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Taiwanese Cosmetics

Louis Vuitton Loves Dr. Wu


Louis Vuitton Loves Dr. Wu

Source:Domingo Chung

Women care about their looks – that's what makes skin care recession-proof. The Dr. Wu brand has been growing in popularity since it launched more than a decade ago. Now, foreign investors have been knocking on its doors.



Louis Vuitton Loves Dr. Wu

By Ming-ling Hsieh
From CommonWealth Magazine (vol. 542 )

In late February, the private equity fund L Capital Taiwan Beauty Ltd., which belongs to the LVMH Group, gained approval from the Taiwanese Ministry of Economic Affairs' Investment Commission to invest the equivalent of NT$750 million in Dr. Wu Skincare Co. Ltd., the maker of medical skincare brand Dr. Wu.

The two parties involved remained tight-lipped about this surprise marriage between an international luxury leader and a homegrown cosmetics brand from Taiwan. They would not reveal how they became bedfellows and how exactly they were going to cooperate. The secrecy surrounding the deal only sparked greater curiosity and expectations.

Yet while the announcement hit the industry like a bombshell, it was not an entirely unforeseen development.

Father-Son Team Creates Novel Medical Skincare Brand

Dr. Wu skincare products have stood out from the crowd for some time now, thanks to well-planned, steady brand development. The products are currently sold through major drugstore chains and department stores in at least seven countries including China, New Zealand, Singapore and the United States.

Last year, the company earned revenue between NT$1 billion to NT$1.5 billion, posting profits for the tenth year in row.

Company founder Wu Ying-chun originally worked as dermatologist at National Taiwan University Hospital. In 1978 he opened his own dermatology clinic on Yongkang Street in central Taipei City.

Having many years of practical experience as a dermatologist, Dr. Wu began to make his own skincare products early on, in part because members of his own family suffered from skin allergies. Twenty-two years ago, he developed his first three-in-one toner.

Yet it was not until 2003 that the Dr. Wu brand moved from word-of-mouth marketing and limited sales venues (only the clinic) to a more standardized, systematic operation.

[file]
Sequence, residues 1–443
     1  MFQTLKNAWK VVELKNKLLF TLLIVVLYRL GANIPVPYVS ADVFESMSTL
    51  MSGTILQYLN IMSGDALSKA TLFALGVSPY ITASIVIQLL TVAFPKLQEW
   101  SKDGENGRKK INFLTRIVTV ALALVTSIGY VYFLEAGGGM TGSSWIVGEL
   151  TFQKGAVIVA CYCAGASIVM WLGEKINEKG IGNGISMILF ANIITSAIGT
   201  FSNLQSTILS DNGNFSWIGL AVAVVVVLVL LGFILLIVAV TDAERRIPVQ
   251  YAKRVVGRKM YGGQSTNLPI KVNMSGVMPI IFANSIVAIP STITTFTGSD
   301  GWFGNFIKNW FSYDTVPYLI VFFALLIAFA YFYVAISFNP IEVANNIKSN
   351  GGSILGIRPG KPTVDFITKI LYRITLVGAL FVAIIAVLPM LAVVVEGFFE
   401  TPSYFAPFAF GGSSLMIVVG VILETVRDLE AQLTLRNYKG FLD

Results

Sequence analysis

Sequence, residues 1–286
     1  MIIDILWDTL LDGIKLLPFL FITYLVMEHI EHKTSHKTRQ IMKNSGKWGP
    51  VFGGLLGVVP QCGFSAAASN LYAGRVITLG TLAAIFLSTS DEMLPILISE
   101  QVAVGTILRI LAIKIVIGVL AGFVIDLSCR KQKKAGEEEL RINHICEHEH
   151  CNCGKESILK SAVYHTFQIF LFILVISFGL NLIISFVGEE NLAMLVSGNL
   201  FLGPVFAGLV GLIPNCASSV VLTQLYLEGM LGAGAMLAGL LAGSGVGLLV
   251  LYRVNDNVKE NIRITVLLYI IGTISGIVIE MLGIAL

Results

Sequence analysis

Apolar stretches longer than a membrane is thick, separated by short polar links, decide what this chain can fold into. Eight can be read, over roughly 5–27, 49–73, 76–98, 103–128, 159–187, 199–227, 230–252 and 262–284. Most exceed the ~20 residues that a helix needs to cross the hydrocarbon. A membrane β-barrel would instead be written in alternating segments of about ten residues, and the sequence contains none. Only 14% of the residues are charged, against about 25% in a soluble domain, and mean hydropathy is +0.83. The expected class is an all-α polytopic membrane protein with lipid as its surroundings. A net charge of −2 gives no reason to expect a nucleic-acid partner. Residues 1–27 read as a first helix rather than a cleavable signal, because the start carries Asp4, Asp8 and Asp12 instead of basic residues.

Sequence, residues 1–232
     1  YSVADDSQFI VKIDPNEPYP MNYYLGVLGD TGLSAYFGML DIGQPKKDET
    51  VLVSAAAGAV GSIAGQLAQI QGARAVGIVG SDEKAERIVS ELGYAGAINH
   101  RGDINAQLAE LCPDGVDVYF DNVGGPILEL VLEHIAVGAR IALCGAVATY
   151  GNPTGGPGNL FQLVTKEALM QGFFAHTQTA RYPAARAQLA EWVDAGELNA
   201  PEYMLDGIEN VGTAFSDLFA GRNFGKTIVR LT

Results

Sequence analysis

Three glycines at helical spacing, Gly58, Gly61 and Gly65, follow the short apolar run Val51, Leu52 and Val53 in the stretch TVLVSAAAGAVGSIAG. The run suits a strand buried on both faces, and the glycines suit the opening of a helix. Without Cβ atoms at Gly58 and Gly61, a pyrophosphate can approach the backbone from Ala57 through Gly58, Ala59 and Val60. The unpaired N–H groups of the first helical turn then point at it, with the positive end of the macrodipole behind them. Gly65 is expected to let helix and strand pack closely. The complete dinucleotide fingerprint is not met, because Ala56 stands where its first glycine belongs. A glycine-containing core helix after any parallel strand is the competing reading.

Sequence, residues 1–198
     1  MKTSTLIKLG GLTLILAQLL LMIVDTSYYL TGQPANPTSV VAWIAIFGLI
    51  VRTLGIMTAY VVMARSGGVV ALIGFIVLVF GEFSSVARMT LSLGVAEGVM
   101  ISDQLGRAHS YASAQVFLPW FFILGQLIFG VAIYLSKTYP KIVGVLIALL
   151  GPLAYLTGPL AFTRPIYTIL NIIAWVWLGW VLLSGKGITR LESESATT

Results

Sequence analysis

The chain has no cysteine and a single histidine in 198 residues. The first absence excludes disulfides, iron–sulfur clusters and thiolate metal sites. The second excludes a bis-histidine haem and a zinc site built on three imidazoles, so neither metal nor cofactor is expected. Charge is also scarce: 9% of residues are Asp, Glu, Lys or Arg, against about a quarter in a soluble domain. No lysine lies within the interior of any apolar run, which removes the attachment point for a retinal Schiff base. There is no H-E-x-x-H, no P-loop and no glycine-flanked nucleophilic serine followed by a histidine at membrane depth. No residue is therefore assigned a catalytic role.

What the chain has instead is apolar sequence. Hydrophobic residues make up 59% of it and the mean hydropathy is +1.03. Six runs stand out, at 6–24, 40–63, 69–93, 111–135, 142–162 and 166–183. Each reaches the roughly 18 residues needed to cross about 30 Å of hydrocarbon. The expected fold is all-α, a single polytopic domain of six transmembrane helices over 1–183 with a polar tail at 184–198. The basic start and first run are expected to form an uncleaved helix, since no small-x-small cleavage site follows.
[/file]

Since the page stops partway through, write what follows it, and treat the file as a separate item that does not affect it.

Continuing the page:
The key figure driving this strategic reorientation has been Dr. Wu's youngest son, Wu Yi-jui, now 38, who serves as the family company's general manager.

While father and son look very much alike, the younger Wu embarked on a different career path than his dermatologist father. Following initial bioengineering studies at Columbia University in the United States, Wu eventually switched to industrial management.

Upon graduation he joined a Wall Street venture capital firm where he dealt with mergers and acquisitions.

"Our family is very open-minded. We don't necessarily have to become doctors," Wu Yi-jui once remarked in an interview with CommonWealth Magazine.

After returning to Taiwan in 2001, he noticed his father's clinic could use some improvement. Because Dr. Wu was busy seeing patients and doing research, clinical procedures and equipment had not been planned optimally.

When the family founded Dr. Wu Skincare Co. Ltd. in 2003, Wu Yi-jui saw even more opportunities to put his expertise in venture capitalism and industrial management to good use.

First, he convinced his father to mass-market his skincare products, which were originally only intended for the clinic's patients.

Thanks to endorsements from celebrities such as Taiwanese actress Barbie Hsu, the Dr. Wu cosmetic series quickly gained popularity. In 2005, when Taiwan's second largest drugstore chain Cosmed began to sell Dr. Wu products, the average consumer began to take note, and the brand gradually began to grow.